“These are really hard times.”
Experts say that the unprecedented economic sanctions against Russia, one of the major producers of oil and source of raw material indispensable to many industries, will have serious repercussions to the global economy. Rising fuel prices will affect our daily transportation expenses and the cost of operations of all sectors, most sensitive of which is the power sector which is largely dependent on imported fuel.
In a meeting with the Philippine Independent Power Producers Association (PIPPA), the Department of Energy (DOE) warned that the impact of rising fuel prices alone could reach P9 per kWh – given the March 3 coal prices at US$446 per ton. PIPPA has already sought for intervention to avoid substantial increases in electricity rates.
It is important to note that not all distribution utilities and electric cooperatives source the majority of their supply from coal power plants. The government should also carefully assess the impact of the surge in international oil prices on natural gas plants powered by the Malampaya facility. While the current share of coal is about 57 percent of the country’s generation mix, natural gas in Luzon, where the most productive regions are located, accounts for 27 percent (DOE 2020 Power Statistics).
Although indigenous, Malampaya natural gas is priced in US dollars and indexed to international crude oil prices, hence it is affected by movements in international prices and peso depreciation. This means that millions of Meralco customers and distribution utilities are more exposed to the surge in international crude oil prices since Malampaya natural gas forms at least a third of its supply (MERALCO FY 2021 Financial and Operating Results Presentation).
Consumer group CitizenWatch Philippines, as well as transportation and industry leaders, are clamoring for urgent government intervention to ease the burden of soaring fuel and the consequent inflationary domino effect on commodities and electricity prices and other utilities. A temporary reprieve by suspending the Value Added Tax, (VAT) and excise tax on oil and coal is the common outcry.
The Philippine Chamber of Commerce and Industry (PCCI) has also recommended to the DOE to freeze further increases in Malampaya Natural gas prices. To put this in context, when international crude oil prices were at $42/Bbl (one barrel) in 2020 (World Bank Commodity “Pink Sheet” data), Malampaya natural gas price was at $6.7/GJ (One gigajoule of natural gas is approximately equivalent to 27 liters of fuel oil). In 2021, when oil increased to about $69/Bbl, Malampaya natural gas price was at $7.5/GJ. On March 7, 2022, Brent Crude soared to $130/BBl due to fears of a US and Europe ban on Russian products and delayed Iran nuclear talks. As Malampaya natural gas price adjusts quarterly, these increases will be charged to generators using Malampaya gas beginning April 2022, which will then be reflected in the May 2022 generation charge to end-users.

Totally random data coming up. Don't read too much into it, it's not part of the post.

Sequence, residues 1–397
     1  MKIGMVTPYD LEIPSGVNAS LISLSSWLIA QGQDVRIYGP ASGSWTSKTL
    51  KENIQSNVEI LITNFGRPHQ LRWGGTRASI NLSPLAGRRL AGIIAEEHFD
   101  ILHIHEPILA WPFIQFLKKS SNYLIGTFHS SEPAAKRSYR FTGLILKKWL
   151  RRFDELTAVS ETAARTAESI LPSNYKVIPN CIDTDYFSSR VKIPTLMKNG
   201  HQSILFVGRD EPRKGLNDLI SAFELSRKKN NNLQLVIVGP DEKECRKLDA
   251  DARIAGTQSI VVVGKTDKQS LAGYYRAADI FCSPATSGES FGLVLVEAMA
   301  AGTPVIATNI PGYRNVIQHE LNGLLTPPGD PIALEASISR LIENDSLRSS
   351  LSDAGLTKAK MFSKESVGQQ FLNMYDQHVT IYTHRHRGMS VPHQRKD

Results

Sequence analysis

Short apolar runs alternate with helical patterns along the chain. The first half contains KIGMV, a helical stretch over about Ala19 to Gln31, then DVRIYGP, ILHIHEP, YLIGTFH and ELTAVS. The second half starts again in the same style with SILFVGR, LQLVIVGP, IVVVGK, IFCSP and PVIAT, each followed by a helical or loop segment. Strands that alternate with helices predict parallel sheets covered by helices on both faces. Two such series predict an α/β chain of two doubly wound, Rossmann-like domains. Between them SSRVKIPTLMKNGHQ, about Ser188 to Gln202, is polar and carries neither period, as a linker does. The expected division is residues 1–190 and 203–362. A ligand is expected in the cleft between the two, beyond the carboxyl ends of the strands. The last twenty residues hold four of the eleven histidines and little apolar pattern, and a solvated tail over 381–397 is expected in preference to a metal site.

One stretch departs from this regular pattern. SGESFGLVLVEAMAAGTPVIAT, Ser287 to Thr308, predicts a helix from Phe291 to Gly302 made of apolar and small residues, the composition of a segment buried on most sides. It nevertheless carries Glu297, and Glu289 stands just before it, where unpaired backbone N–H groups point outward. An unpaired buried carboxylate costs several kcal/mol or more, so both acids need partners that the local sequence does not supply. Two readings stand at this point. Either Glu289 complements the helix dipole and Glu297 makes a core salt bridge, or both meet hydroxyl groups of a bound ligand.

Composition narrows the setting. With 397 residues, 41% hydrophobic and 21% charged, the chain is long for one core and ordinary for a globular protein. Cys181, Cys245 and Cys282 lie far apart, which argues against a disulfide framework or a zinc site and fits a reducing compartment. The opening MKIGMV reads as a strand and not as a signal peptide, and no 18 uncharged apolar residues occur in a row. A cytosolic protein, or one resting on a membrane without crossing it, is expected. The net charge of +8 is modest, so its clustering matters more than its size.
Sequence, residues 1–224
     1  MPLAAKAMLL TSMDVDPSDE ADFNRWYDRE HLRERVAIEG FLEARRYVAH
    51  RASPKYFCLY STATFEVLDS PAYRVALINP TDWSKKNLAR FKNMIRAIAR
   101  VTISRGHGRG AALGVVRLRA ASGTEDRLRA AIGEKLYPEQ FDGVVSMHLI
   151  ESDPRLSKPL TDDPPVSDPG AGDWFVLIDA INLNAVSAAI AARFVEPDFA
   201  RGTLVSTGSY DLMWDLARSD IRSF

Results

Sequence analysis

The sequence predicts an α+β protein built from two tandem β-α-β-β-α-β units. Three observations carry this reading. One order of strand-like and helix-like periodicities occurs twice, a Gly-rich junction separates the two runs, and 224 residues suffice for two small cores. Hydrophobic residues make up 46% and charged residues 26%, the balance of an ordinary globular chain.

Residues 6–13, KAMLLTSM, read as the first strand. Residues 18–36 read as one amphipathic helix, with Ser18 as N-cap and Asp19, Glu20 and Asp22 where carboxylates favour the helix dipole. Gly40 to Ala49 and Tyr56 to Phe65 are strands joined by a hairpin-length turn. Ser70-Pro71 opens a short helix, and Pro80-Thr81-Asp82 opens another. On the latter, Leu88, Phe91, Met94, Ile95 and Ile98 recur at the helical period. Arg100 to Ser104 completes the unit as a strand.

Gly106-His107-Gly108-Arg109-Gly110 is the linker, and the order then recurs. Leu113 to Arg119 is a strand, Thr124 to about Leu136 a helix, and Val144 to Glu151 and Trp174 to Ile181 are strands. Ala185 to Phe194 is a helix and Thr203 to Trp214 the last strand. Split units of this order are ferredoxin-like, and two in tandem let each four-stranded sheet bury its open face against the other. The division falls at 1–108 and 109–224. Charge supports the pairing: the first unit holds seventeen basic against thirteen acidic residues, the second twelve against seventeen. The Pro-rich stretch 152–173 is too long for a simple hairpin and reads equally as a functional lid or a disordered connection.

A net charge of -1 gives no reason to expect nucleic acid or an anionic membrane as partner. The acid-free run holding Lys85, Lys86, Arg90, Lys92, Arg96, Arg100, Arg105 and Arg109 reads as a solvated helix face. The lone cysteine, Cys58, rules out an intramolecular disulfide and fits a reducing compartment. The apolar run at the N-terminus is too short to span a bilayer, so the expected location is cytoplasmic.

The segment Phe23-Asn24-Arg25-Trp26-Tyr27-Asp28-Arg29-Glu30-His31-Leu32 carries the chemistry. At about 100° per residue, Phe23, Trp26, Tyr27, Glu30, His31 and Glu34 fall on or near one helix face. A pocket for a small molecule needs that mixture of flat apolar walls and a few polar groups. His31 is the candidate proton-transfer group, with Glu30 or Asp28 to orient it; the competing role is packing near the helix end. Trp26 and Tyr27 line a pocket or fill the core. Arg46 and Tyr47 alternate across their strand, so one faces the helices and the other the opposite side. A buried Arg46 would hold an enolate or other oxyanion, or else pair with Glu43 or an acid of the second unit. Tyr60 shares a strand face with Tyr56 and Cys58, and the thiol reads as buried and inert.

According to Service Contract 38 of the Malampaya Project, the national government is entitled to a 60-percent share of net proceeds from Malampaya’s operations. Indexed to international crude oil prices in US dollars, higher crude oil prices and peso depreciation will also increase the government royalties. According to DBM data, in 2019, royalties from Malampaya recorded as non-tax revenues were at P26.569 billion, and P19.079 billion in 2020. Since these royalties come from us consumers, it is but reasonable that we should benefit from these royalties.
Before the full impact of extraordinary increases in fuel prices hits the country, the government must help unburden consumers by maintaining the Malampaya natural gas price at levels that will preserve 2021 royalties and utilize the Malampaya fund to subsidize electricity end-users.
Even before the recent fuel price surges, power prices were already expected to rise this summer due to the tight power supply situation. Government should immediately start discussions with the Malampaya operator to freeze Malampaya prices. Otherwise, Malampaya prices will certainly increase this April 2022. If the government will use Malampaya royalties to subsidize consumers’ electric bills, the government’s economic managers should already start working on how the subsidy will reach consumers in time before seasonal consumption peaks in May and June.
Power supply during the elections is critical. Based on the DOE’s power outlook last January 25, the worst-case scenarios there may be Yellow Alerts during Weeks of April 18-24, April 25-May 1, May 30-June 5, and Red Alerts on weeks of May 16-22 and May 23-29. No alert expected on election week because of anticipated low demand given the non-working holiday, hopefully.
The DOE is banking on GN Power Dinginin’s Unit 2 (668MW) coal plant to augment supply during its testing and commissioning period expected during the 2nd quarter – if there are no delays.
Given the already dire situation of the large majority of Filipino consumers, the government should forego the tax revenue windfalls from souring fuel prices which would be insensitive during these hard times.